Quarterly Journal of Political Science > Vol 5 > Issue 2

Primary Elections and Partisan Polarization in the U.S. Congress

Shigeo Hirano, Department of Political Science, Columbia University, USA, sh145@columbia.edu James M. Snyder Jr., Departments of Political Science and Economics, Massachusetts Institute of Technology and NBER, USA, millett@mit.edu Stephen Ansolabehere, Department of Government, Harvard University, USA, sda@gov.harvard.edu John Mark Hansen, Department of Political Science, University of Chicago, USA, jhansen@midway.uchicago.edu
Suggested Citation
Shigeo Hirano, James M. Snyder Jr., Stephen Ansolabehere and John Mark Hansen (2010), "Primary Elections and Partisan Polarization in the U.S. Congress", Quarterly Journal of Political Science: Vol. 5: No. 2, pp 169-191. http://dx.doi.org/10.1561/100.00008052

Published: 11 Aug 2010
© 2010 S. Hirano, J. M. Snyder Jr., S. Ansolabehere and J. M. Hansen
Electoral institutions,  Lawmaking
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In this article:
Polarization and the Introduction of Primaries
Polarization and Ideological Composition of Primary Voters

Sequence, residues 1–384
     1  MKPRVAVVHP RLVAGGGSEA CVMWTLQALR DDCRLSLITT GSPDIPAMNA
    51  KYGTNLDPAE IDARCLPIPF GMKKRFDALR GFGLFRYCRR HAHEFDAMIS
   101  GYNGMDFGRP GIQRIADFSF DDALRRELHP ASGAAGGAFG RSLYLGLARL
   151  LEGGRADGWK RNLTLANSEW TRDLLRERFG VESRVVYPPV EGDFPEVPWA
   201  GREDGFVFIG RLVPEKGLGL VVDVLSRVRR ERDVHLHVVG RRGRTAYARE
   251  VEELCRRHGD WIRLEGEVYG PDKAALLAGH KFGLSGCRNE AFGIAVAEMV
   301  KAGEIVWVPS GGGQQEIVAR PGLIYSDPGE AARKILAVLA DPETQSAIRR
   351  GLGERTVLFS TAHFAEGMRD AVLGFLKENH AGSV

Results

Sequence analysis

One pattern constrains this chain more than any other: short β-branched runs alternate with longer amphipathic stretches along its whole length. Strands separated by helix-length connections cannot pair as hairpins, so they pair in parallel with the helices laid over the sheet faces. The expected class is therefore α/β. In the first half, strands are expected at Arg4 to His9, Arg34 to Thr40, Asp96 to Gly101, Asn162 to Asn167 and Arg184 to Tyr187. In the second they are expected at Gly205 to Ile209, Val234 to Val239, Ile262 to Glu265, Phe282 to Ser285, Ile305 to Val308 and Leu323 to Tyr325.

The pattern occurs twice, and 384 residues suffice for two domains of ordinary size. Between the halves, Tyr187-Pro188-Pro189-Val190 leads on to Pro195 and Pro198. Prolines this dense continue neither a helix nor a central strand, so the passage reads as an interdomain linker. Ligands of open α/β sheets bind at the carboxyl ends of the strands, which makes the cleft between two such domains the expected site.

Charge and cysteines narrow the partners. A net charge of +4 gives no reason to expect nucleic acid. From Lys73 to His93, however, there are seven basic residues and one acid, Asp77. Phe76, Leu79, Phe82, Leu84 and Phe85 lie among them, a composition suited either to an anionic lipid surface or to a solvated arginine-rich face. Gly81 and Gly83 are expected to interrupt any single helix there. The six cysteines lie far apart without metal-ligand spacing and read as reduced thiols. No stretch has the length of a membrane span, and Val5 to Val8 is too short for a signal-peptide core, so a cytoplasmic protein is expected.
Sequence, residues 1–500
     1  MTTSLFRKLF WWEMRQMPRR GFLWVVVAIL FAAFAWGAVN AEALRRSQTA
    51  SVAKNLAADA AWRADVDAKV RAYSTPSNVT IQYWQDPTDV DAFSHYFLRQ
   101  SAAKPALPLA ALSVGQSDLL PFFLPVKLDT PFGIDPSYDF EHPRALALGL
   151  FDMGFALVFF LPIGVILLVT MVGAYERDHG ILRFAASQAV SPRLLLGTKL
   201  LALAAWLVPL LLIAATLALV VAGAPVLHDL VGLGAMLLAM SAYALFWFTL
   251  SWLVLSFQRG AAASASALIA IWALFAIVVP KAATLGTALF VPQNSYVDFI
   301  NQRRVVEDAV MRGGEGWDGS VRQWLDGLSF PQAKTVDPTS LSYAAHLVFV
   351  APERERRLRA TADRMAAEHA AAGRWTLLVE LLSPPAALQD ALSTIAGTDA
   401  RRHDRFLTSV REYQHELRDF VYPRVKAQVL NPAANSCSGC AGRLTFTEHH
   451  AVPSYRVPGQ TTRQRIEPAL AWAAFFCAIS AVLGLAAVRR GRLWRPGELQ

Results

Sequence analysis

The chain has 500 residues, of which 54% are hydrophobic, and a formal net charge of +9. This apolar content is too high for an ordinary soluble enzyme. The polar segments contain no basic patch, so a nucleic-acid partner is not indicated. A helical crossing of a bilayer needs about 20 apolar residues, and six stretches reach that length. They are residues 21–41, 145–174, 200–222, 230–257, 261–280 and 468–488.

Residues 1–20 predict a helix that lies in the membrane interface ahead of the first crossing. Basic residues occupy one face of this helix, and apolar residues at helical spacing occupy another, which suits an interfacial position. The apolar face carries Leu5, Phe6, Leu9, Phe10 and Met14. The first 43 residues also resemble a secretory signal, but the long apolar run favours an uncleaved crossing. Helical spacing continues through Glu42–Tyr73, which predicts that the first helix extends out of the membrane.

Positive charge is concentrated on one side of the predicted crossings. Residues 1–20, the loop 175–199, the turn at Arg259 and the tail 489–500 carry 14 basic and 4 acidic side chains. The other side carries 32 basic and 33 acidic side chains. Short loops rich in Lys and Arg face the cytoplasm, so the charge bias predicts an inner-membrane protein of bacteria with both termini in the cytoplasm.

Primary Competition and Senate Polarization
Roll Call Voting Positions and Electoral Outcomes


Many observers and scholars argue that primary elections contribute to ideological polarization in U.S. politics. We test this claim using congressional elections and roll call voting behavior. Many of our findings are null. We find little evidence that the introduction of primary elections, the level of primary election turnout, or the threat of primary competition are associated with partisan polarization in congressional roll call voting. We also find little evidence that extreme roll call voting records are positively associated with primary election outcomes. A positive finding is that general election competition exerts pressure toward convergence as extreme roll call voting is negatively correlated with general election outcomes.

An erratum for this article can be found on the Accompanying Work tab


Replication Data | 100.00008052_supp.zip (ZIP).

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DOI: 10.1561/100.00008052_supp


Quarterly Journal of Political Science, Volume 5, Issue 3 10.1561/100.00080521